Sunday, May 21, 2006

The Problem With VWO

One wonders why the trading volume of Vipers are so low compare to iShares. The article below might give us some clue.
The Problem With Vanguard VIPERs ETFs

I must admit that I recently became excited about the waxing competition in the ETF manufacturing business, writes Herb Morgan, President and Chief Investment Officer of Efficient Market Advisors, LLC. Barclays still has the lion’s share of the market for sure, but Vanguard has recently caught my eye. After all, Vanguard has a reputation for doing things right: low fees, honesty, and generally serving as a watchdog in a historically slick industry. But from what I can tell, it looks like the good guys are trying to pull one over on us this time.

As a money manager, I am constantly looking at data trying to find statistical relevance for asset classes which could justify their inclusion in my managed portfolios. While looking at Emerging Markets (which did not make the portfolio) I came across some information on the Vanguard VIPERs that surprised me. Vanguard decided to make their ETFs a share class of their existing open end index funds.

Why would they do this rather than file for a new fund?

The open end Vanguard Emerging Markets Stock Index Fund (VEIEX), with about $4.5 billion in assets, has unrealized capital gains of $4.41 per share on a $16.91 share price. This equates to an untapped capital gain of $1.2 billion dollars. Along comes the new share class Vanguard Emerging Markets VIPERs (VWO) which have raised just under $200 million in assets. Guess what? Anybody buying Vanguard ETFs may be buying a tax liability they had not planned on. The end result is a redistribution of not-yet-realized tax liability from open end fund holders to ETF holders. This may be one reason the Vanguard ETF’s have not seen as much success as some of the other players.

To be fair, index funds have a long tradition of having positive cash inflows into the funds, which serves to dilute capital gains to the remaining investors. Turnover is also very low, which means they probably won’t voluntarily expose investors to these gains. However, Vanguard has no control over flows into and out of their funds and anything can and does happen from time to time. If VEIEX were to experience significant net redemptions, the fund would be forced to sell securities and realize capital gains. ETF investors would get their share of these gains along with the traditional open end fund shareholders. What’s more, these gains would accrete to the remaining shareholders at the end of the year. While not highly likely, if the open end fund experiences substantial redemptions the remaining shareholders could well be stuck with a liability even greater than the $4.41 per share.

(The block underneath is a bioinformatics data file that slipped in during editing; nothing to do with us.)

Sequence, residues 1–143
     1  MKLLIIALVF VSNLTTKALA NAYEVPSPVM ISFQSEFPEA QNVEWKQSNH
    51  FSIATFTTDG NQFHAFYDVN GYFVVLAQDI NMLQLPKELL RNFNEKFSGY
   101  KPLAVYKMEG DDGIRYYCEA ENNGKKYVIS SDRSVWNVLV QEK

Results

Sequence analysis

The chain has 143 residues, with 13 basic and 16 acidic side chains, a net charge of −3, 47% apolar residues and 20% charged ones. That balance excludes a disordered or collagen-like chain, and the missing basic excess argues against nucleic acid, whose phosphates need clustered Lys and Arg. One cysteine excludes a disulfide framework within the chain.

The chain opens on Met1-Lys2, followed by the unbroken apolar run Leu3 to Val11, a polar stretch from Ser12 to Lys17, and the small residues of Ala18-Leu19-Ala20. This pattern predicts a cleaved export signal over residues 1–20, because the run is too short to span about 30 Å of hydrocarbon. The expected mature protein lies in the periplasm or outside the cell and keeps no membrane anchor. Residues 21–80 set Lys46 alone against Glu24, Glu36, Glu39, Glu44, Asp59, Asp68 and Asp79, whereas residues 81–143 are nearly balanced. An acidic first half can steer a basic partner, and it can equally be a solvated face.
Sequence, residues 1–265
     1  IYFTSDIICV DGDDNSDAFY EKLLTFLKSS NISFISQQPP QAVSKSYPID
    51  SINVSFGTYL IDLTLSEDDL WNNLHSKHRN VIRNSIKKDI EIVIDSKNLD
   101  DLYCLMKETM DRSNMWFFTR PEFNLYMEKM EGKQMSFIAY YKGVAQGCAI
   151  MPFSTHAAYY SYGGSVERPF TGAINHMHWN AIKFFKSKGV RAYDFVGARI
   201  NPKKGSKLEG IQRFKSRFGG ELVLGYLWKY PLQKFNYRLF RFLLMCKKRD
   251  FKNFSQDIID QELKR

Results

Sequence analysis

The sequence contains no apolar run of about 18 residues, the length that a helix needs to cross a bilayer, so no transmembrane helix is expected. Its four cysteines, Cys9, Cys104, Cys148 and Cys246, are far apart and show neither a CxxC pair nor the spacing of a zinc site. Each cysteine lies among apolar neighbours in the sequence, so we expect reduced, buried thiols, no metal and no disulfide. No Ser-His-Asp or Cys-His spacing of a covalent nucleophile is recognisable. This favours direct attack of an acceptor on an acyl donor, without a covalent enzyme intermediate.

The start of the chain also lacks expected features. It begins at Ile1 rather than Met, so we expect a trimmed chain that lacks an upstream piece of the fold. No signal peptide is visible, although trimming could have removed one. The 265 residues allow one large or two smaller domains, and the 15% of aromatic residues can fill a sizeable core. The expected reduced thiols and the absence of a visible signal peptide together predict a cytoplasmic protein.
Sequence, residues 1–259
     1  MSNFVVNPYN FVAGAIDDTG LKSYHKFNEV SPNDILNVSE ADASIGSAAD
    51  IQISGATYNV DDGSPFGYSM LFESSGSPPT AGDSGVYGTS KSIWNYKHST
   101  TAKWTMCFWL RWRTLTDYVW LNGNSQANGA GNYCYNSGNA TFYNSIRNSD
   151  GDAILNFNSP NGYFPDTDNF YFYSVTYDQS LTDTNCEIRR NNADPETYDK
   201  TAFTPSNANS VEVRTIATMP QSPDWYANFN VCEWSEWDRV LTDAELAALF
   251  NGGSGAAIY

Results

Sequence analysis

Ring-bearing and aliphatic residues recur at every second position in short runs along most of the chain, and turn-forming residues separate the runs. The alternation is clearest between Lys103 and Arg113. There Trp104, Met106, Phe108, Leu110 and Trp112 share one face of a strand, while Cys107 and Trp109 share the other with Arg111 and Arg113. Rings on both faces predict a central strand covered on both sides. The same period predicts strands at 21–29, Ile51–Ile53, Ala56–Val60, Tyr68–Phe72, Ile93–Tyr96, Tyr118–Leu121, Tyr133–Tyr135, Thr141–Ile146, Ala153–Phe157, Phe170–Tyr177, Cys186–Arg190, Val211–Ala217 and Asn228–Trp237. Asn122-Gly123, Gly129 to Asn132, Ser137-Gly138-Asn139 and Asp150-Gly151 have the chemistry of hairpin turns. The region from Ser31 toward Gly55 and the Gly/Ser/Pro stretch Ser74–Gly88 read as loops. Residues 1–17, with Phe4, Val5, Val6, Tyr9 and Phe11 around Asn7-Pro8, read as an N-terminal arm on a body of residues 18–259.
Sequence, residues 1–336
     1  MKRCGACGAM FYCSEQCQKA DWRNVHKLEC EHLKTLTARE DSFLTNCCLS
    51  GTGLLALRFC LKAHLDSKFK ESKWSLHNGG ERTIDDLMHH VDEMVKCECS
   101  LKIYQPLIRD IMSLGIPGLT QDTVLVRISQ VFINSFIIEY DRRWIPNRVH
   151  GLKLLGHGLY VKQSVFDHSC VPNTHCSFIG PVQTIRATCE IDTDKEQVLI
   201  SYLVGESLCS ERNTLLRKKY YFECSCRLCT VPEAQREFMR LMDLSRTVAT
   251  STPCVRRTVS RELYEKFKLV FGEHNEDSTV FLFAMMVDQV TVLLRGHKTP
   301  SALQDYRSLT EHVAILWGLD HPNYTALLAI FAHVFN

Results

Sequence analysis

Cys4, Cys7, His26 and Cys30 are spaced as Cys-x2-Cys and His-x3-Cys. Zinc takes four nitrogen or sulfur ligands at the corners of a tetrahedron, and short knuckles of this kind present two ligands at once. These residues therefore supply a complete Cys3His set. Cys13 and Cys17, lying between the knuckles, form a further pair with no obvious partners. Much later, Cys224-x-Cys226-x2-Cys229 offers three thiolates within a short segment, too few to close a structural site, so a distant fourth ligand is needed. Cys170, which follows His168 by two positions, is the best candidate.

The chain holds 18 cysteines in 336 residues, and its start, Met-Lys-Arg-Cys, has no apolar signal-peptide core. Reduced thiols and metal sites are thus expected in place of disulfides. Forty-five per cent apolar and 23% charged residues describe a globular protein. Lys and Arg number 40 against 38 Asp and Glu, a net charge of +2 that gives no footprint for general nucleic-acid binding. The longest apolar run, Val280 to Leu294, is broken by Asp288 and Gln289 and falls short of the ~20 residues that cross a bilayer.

ETFs have multiple advantages over open end funds, one of which is the tax advantage gained by the funds unique creation and redemption process. Vanguard should have left well enough alone and stuck with the traditional ETF format.

Herb Morgan is President and Chief Investment Officer of Efficient Market Advisors, LLC, a Registered Investment Advisor located in San Diego, California.Prior to founding EMA Mr. Morgan was Sr. Vice President of Advisory Services for LPL Financial, the nation’s largest independent broker dealer where he was responsible for the firms $25 Billion dollar investment advisory business. Mr. Morgan spent time as a Senior Vice President with Pilgrim Funds (Now ING), and Dreyfus Funds. He also held positions with J&W Seligman and Dean Witter Reynolds. (Now Morgan Stanley) Mr. Morgan is one of the nation’s premier experts in the investment and brokerage industry. He can be reached at herb [at]

1 comment:

indexfundfan said...

Drizzt, I just noticed this post and it is probably why you intend to use EEM instead of VWO. I think the reason why assets for VWO is lower than EEM is because it has a much shorter history than EEM.

Further, most US investors either do not care to invest their money overseas, or even if they do, only allocate a modest fraction overseas (say 20%) and mostly to EAFE. Only a tiny portion of it makes its way into emerging markets. This results in the low asset values of VWO (and EEM).

PS. I don't see the author critizing VTI, which is also the ETF version of the Vanguard total stock market mutual fund.